Adding value to the payment process
Euromoney, is part of the Delinian Group, Delinian Limited, 4 Bouverie Street, London, EC4Y 8AX, Registered in England & Wales, Company number 00954730
Copyright © Delinian Limited and its affiliated companies 2024
Accessibility | Terms of Use | Privacy Policy | Modern Slavery Statement
Sponsored Content

Adding value to the payment process

Sponsored by


Having established the efficacy of the service, the focus of Swift global payment initiative (gpi) has moved to how its full value can be passed on to corporate clients. Wim Grosemans, global head of product management for payments and receivables at BNP Paribas, and Marc Delbaere, Swift’s global head of corporates and trade, explain how this is being achieved.


160x186Wim Grosemans

Wim Grosemans
Global head of product management for payments and receivables, BNP Paribas

 Marc Delbaere - headshot 2 - 160x186 Marc Delbaere
Global head of corporates and trade, Swift

Those involved in the development of Swift gpi recognize that it is part of a sustained move from the banking community to create a new standard for cross-border payments. “Swift gpi enables us to provide a more efficient and transparent service,” says Grosemans. “The challenge for BNP Paribas is how to pass on this value to the client, either in existing banking products or through new industry services.”

The first element of this process is enabling clients to track and trace payments. In the past, the bank could confirm payment execution to a client, but that client would rely on the bank to create the ultimate end-to-end tracking reference, or UETR, and would then have to reconcile it back to their own system.

This is not a straightforward process because the client would also have their own reference to add to the payment.

In addition, the client would have to rely on the bank’s e-banking software to follow the status of the payment. Since corporates typically work with multiple banks they would have to do this many times.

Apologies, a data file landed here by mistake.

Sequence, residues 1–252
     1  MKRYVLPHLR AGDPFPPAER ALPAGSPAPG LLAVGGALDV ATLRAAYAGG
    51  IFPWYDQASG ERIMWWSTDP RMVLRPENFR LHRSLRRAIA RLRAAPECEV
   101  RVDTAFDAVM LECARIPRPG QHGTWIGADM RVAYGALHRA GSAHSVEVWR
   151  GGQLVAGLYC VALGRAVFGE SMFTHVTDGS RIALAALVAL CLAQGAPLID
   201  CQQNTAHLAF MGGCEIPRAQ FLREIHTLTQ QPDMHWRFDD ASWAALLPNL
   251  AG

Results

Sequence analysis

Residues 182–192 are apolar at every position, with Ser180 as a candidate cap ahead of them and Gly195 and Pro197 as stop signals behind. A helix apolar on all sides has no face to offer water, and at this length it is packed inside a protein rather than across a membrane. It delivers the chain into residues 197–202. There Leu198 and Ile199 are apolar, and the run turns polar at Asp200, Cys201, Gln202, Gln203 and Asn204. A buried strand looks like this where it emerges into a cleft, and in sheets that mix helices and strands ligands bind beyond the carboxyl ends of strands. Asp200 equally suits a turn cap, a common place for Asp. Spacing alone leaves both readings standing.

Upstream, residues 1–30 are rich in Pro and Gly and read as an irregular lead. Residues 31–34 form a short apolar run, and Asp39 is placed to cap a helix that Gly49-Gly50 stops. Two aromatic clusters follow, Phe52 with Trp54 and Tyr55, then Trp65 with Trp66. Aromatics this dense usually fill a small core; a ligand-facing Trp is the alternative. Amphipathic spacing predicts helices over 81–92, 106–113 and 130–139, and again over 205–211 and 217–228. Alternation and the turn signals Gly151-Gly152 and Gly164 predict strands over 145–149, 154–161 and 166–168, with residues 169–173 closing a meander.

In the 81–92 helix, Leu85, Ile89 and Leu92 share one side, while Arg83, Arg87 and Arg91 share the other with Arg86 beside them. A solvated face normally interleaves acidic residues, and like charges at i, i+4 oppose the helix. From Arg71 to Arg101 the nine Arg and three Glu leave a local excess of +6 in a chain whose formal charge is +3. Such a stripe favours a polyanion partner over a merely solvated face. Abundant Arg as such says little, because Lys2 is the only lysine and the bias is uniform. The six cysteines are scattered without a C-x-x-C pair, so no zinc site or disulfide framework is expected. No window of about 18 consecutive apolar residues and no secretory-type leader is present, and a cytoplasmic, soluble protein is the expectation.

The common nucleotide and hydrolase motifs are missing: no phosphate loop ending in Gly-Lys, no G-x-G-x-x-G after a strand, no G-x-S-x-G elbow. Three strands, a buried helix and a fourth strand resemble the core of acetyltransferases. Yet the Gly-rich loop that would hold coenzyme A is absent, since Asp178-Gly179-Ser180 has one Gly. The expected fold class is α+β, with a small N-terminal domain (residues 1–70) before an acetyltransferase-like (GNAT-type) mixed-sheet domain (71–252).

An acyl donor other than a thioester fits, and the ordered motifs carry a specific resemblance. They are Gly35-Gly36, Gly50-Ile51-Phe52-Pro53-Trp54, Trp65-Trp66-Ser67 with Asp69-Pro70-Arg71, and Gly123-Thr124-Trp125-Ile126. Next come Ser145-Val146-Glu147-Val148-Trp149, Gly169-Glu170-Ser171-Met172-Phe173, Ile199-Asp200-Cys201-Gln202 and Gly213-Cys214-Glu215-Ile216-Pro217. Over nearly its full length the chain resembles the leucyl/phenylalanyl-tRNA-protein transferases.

“BNP Paribas is now launching ‘pay and trace’, which will enable clients to generate themselves the UETR that will travel around the network with the payments,” says Grosemans. “The client will receive automatic status updates on the payments ‒ into their ERP or TMS ‒ until they are received by the beneficiary banks.”

The key feature of pay and trace is automation in the corporate back office. We are collaborating with treasury management system vendors so they can integrate this information into their treasury dashboards.

Tracking incoming payments

Another service being developed within the network of Swift, banks, software providers and corporates is the tracking of incoming payments that have been originated but not yet reached the corporate’s account, a facility deemed to have considerable potential.

“We hope to introduce this service in the coming months and are keen to continue co-creating value-added services with our clients,” adds Grosemans. 

Swift has also launched a proof of concept around Request to Pay (RtP), which will provide accounts receivable organizations with more control over the collection process. The value of RtP being delivered through a trusted channel is that the payer has the assurance that the collecting entity has been verified and that the transaction can be authorized before any money is taken from their account.

Swift gpi was developed to address issues facing customers at scale by providing implementation projects to the banking community that are easy to manage, explains Delbaere. “The key feature of pay and trace is automation in the corporate back office. We are collaborating with treasury management system vendors so they can integrate this information into their treasury dashboards.”

Swift gpi not only facilitates faster payments, it also supports more detailed analysis of the cost of making cross-border payments, potentially enabling corporates to reduce their transaction cost end-to-end and identify any undesirable FX conversions. By providing more transparency on fees and FX conversions, it allows corporates to identify the most efficient service for their cross-border payments.

“This supports a new dimension of analytics to identify pain points, whether it is done from the bank to the corporate or the corporate does this internally,” says Delbaere.

Grosemans observes that, by next year, every bank (even those that don’t adhere to the Swift gpi rulebook) will have to confirm credit in an account on their books, enabling full end-to-end status reporting for all cross-border payments on Swift.

“This does not address the issue of some banks not processing as fast as we would like them to process, but it will allow us to close the loop and move closer to Swift gpi being the standard for cross-border payments,” he adds.

Delbaere agrees that it will become increasingly difficult for banks that don’t support Swift gpi to maintain credibility with their corporate customers.

“We very much see this as a key step in the journey to instant international payments,” he says. “We are also doing a lot of work in the area of pre-validation, which is a major component in enabling international instant payments since it allows the initiating bank to check whether the account exists and can receive funds through an API. But there will be other problems to solve, step by step.”

Gift this article